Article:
The current fashion is for carbohydrate only but this sets you up for rapid hunger, unhealthy snacking later on and weight gain. All carbohydrates are sugars, whether that’s added sugars or natural sugars, simple sugars or starches (which are chains of sugar and quickly break down into simple sugars). Cereal can be thought of as sugar, so can toast, fruit and fruit juices/smoothies; breakfast biscuits are mostly sugar. A bowl of cereal with low-fat flavoured yoghurt, and orange juice contains the equivalent of around 14 teaspoons of sugar and virtually no nutrients. Eating no breakfast is preferable to bad breakfast but what might be better?
Some people do well on porridge made from natural oats. Top with nuts and seeds. Beware the type in sachets as some contain loads of sugar. Muesli can be good – choose one with plenty of nuts and not much dried fruit. Top with full-fat plain yoghurt.
Smoothies are quick to make and easy to consume and digest.
Base them on coconut milk, avocado, ground almonds, flax, spinach, whey powder concentrate, natural oats etc.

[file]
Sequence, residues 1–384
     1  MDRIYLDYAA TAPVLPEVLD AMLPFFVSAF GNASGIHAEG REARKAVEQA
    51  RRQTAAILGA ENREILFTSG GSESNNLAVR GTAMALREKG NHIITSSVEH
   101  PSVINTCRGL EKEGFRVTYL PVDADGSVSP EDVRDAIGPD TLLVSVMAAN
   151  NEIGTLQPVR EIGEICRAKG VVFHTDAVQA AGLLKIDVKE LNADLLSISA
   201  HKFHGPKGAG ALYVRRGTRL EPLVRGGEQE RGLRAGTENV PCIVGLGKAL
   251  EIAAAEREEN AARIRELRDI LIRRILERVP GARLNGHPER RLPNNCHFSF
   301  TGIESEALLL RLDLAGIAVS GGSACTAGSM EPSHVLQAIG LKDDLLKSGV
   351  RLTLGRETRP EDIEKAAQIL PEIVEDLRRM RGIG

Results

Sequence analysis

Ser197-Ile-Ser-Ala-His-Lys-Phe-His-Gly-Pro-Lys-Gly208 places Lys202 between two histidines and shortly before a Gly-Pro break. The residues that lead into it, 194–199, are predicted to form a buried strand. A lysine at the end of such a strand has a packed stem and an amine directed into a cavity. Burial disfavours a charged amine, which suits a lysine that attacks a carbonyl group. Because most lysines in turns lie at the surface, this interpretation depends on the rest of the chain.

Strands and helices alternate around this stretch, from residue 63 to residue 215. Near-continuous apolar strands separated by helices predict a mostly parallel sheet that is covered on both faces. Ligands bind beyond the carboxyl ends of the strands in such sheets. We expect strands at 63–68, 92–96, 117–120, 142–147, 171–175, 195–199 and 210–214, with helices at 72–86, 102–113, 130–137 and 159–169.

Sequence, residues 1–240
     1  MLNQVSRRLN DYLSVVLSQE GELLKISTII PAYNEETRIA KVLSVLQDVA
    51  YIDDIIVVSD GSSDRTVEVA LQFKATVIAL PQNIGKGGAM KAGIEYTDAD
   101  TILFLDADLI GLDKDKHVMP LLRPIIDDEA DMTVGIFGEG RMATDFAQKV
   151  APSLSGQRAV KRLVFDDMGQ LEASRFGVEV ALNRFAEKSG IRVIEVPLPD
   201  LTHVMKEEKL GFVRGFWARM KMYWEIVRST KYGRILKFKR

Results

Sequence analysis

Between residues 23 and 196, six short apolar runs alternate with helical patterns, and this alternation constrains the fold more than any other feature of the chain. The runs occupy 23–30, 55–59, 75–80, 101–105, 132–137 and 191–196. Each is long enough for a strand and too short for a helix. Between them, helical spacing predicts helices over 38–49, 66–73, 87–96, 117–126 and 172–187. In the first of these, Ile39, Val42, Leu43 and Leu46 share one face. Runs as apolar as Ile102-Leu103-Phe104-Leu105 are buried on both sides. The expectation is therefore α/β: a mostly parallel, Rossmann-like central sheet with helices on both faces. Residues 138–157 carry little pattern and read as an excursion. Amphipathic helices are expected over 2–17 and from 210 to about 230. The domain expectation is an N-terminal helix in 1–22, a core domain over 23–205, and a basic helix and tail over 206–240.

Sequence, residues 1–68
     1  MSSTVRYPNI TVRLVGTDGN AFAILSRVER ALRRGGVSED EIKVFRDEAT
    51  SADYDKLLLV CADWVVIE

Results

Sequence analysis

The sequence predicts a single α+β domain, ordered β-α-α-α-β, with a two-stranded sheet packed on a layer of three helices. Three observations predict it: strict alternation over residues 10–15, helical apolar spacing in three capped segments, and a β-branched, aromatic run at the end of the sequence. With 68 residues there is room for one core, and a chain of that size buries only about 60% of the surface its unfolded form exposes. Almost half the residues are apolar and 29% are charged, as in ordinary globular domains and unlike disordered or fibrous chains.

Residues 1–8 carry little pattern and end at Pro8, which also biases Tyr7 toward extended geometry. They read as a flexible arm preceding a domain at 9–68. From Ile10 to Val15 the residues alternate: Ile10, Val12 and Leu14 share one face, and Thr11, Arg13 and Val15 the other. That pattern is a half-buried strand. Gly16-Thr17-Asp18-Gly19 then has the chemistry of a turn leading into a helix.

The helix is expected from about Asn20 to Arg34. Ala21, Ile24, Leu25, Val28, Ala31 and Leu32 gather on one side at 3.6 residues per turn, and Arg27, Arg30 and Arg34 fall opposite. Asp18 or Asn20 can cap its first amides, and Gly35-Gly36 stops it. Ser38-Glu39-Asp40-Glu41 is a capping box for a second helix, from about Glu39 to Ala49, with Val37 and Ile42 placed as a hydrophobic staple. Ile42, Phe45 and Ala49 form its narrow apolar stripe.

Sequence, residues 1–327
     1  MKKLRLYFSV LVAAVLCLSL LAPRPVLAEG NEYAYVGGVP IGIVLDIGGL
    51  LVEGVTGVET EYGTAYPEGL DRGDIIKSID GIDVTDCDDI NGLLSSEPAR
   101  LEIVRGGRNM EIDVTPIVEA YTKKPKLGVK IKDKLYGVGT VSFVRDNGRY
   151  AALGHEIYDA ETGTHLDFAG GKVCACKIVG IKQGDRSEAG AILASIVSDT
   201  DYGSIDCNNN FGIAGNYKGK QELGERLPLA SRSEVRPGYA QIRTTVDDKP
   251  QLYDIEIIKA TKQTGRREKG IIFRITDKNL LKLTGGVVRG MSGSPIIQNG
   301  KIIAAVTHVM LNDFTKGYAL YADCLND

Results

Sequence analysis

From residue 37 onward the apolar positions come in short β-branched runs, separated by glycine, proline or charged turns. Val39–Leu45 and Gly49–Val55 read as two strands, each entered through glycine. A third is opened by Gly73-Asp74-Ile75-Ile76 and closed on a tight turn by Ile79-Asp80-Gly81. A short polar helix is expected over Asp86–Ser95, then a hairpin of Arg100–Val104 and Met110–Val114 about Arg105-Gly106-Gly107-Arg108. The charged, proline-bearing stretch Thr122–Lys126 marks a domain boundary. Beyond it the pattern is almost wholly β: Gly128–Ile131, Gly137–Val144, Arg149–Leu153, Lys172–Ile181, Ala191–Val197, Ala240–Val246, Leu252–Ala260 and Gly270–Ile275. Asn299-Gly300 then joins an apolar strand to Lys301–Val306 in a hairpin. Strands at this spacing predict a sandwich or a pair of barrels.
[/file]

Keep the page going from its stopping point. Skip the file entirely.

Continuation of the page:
Add just a little fruit for sweetness eg ¼ apple, 1” banana or a spoonful of berries.
I have a smoothie 3 or 4 times a week and last for 5 or 6 hours on it.
To save time, you can batch up all the dry ingredients in advance so that in the morning you just tip them into the glass on top of your veg and fruit.
Bought smoothies are usually made from fruit so can be very sugary. Also beware smoothie recipes on the internet as many of these include very large amounts of fruit.
Fry-ups can sustain you for ages. Choose from bacon, egg, black pudding, sausage, mushroom, tomato or do the Aussie thing – steak and egg – a favourite of mine, with wilted spinach.
Go continental with boiled eggs, ham and cheese (you can save time by hard boiling an egg the night before). Dip avocado or buttered, wholemeal toast ‘soldiers’ in soft-boiled eggs.
For a change, go fishy with a tin of mackerel plus half a pear and some seeds. Or indulge in smoked salmon, delicious with scrambled eggs and courgette.
Top tip: Eat a good breakfast.
Weight gain seems inevitable at this time of year but if you don’t want to start 2016 fat, tired and ill, how can you minimise the damage?
Eat as much natural, real food as possible. Buy fresh meat, fish and vegetables and fill yourself with good home cooked meals. Bake your own Christmas cake (nice with a slice of Wensleydale and some almonds) and mince pies using butter and reducing the sugar content. Make salad dressings, dips and healthy treats (ask me for my no-cook chocolate, seed and nut recipe). Doing a bit of something in the kitchen can be great fun if the family gets stuck in too.